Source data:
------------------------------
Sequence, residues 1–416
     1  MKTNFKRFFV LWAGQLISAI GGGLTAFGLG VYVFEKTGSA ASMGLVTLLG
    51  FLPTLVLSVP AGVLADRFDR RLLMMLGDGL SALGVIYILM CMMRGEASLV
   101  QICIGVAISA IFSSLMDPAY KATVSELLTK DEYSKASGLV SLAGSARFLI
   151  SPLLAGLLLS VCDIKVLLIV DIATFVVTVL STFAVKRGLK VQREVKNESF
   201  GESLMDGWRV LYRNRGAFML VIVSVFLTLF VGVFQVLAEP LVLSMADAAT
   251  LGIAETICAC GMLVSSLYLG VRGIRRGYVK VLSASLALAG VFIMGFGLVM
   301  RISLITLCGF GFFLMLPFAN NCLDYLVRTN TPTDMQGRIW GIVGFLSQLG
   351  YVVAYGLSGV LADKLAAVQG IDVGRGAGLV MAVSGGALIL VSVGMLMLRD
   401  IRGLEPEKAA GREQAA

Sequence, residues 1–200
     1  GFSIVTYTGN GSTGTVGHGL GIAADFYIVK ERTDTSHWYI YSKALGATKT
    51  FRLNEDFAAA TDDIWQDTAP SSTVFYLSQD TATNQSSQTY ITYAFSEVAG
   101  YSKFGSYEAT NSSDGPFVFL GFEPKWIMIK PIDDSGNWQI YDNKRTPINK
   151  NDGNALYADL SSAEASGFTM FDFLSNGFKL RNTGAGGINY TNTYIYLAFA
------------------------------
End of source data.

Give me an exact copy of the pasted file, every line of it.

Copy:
Sequence, residues 1–416
     1  MKTNFKRFFV LWAGQLISAI GGGLTAFGLG VYVFEKTGSA ASMGLVTLLG
    51  FLPTLVLSVP AGVLADRFDR RLLMMLGDGL SALGVIYILM CMMRGEASLV
   101  QICIGVAISA IFSSLMDPAY KATVSELLTK DEYSKASGLV SLAGSARFLI
   151  SPLLAGLLLS VCDIKVLLIV DIATFVVTVL STFAVKRGLK VQREVKNESF
   201  GESLMDGWRV LYRNRGAFML VIVSVFLTLF VGVFQVLAEP LVLSMADAAT
   251  LGIAETICAC GMLVSSLYLG VRGIRRGYVK VLSASLALAG VFIMGFGLVM
   301  RISLITLCGF GFFLMLPFAN NCLDYLVRTN TPTDMQGRIW GIVGFLSQLG
   351  YVVAYGLSGV LADKLAAVQG IDVGRGAGLV MAVSGGALIL VSVGMLMLRD
   401  IRGLEPEKAA GREQAA

Sequence, residues 1–200
     1  GFSIVTYTGN GSTGTVGHGL GIAADFYIVK ERTDTSHWYI YSKALGATKT
    51  FRLNEDFAAA TDDIWQDTAP SSTVFYLSQD TATNQSSQTY ITYAFSEVAG
   101  YSKFGSYEAT NSSDGPFVFL GFEPKWIMIK PIDDSGNWQI YDNKRTPINK
   151  NDGNALYADL SSAEASGFTM FDFLSNGFKL RNTGAGGINY TNTYIYLAFA